World-conquering war games are nearly as old as the video game medium. But such expansive empires are exceptions to the rule of human history. Modeling the kind of soft power through which, say, Venice built its trade hegemony and Denmark stamped an outsize influence on European politics has historically been much more difficult. Civilization V: Brave New World pushes the latest incarnation of the legendary strategy franchise in that direction with great success.
Brave New World follows in many Civilization entries' footsteps by pulling out themes of human history and crafting around them, rather than embarking on a Quixotic quest to accurately model unbelievably complex interactions. In reality, the United Nations doesn't meet every 60 years to debate two proposals that could include a global embargo on a major power, but that implementation makes a vastly more fun and interesting game mechanic than a largely impotent body that great powers ignore with impunity.
The revamped cultural victory path is the best part of Brave New World. Splitting the new tourism rating off of the existing empire-wide culture score lets empires pursuing cultural hegemony engage in a slew of new interactions that otherwise-occupied nations can safely ignore while focusing on their own goals. Saturating the world with explorers digging up ancient artifacts creates new diplomatic pressures and production priorities that are more fun to navigate. Segregating cultural "Great Person" generation from the others is a wonderful change that lets one to three cities focus on that, and removes the punishing need for cultural nations to focus exclusively on artist specialists. The cultural endgame is much better delineated, so a culture-pursuing empire develops quite differently than any other as it must invest in expensive late-game buildings to multiply its tourism score.
The addition of trade routes is another change that encourages you to look outside your borders through a lens other than conquest. Crushing barbarians is more important when they roam neutral territory between your empire and a trading partner, since that extremely expensive and valuable route can be destroyed easily by any unopposed military. Having your trade lines cut by a hostile civilization is devastating. Fighting over control of critical shipping lanes is a welcome addition to combat, which previously took place almost exclusively around fortified cities.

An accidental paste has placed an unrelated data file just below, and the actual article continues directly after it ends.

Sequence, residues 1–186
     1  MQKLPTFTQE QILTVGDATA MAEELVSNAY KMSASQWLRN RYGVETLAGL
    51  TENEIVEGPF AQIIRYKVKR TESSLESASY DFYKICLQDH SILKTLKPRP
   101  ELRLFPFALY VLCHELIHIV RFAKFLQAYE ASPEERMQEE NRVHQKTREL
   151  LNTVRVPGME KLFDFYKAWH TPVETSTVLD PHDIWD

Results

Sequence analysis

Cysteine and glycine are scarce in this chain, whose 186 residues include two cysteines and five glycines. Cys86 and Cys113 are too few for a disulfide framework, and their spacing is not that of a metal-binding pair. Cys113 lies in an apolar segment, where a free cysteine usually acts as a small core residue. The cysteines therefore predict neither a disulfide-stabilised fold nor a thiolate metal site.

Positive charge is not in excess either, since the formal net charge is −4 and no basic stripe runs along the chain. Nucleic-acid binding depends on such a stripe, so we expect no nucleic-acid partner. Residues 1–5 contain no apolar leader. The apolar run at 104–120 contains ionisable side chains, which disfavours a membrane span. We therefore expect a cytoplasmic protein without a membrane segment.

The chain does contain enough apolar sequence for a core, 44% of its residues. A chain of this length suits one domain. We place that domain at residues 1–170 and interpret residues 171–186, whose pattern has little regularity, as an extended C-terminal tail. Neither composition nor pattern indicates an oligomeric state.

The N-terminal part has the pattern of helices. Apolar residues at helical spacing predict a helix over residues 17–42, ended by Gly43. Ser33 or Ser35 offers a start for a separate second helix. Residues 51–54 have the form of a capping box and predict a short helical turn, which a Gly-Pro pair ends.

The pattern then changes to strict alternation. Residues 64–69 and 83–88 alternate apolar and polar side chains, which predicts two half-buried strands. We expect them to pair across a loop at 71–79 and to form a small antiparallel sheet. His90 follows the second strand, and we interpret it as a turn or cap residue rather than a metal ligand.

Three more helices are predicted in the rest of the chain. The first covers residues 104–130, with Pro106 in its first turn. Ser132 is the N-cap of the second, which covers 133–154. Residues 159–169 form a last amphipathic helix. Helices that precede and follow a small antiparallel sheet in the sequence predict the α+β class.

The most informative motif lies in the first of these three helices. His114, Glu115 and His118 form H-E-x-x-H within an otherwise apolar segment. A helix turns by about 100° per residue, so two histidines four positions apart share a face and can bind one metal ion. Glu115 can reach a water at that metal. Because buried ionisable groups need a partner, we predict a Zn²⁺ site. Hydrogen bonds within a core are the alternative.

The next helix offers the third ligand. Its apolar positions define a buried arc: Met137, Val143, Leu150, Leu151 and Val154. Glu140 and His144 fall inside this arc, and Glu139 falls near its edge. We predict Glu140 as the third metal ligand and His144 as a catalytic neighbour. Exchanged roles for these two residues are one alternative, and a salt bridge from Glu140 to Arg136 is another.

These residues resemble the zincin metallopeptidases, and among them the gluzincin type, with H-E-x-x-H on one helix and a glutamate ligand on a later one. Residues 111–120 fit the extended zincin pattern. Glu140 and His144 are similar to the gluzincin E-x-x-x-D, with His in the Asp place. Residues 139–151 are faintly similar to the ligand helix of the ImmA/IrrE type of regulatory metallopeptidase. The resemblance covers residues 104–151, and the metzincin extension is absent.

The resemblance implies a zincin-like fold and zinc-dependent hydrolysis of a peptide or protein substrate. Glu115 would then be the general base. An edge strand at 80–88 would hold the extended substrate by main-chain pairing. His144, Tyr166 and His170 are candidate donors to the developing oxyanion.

The diplomatic victory improvements are less of a resounding success. Winning a world-leader vote still ends up being a simple matter of buying off as many city-states as possible more often than not, but the addition of the World Congress creates an exciting vector for peaceful interactions for any kind of play through. Sending diplomats around the world to procure votes for a pet project is fun, and a powerful way to shape the world without going to war. Bribing enough of the world to hit 51 percent on the vote to institutionalize your religion or ideology as the official world system could be well worth the cost — but then again, you might not care if you're planning on spreading your ideas at the point of a sword.
Like Gods and Kings before it, Brave New World's greatest success isn't in its new systems. The trick that Firaxis has managed for a second time is in not upsetting the existing game. The World Congress is not so powerful that warmongers have to drop everything they're doing to deal with it, and tourism is not an overwhelming tide of city-flipping offensive culture that forces you to abandon your space program to combat its effects.
I have few complaints about this second and final expansion to Civilization V. My favorite game in recent years is better than ever thanks to Brave New World. The way Firaxis has fleshed out the thin areas of the game without screwing up the many things it does right is impressive. Peaceful no longer means passive.VIDEO GAME REVIEW
'Civilization V: Brave New World'
Style: one-player strategy (eight-player online)
Publisher: 2K Games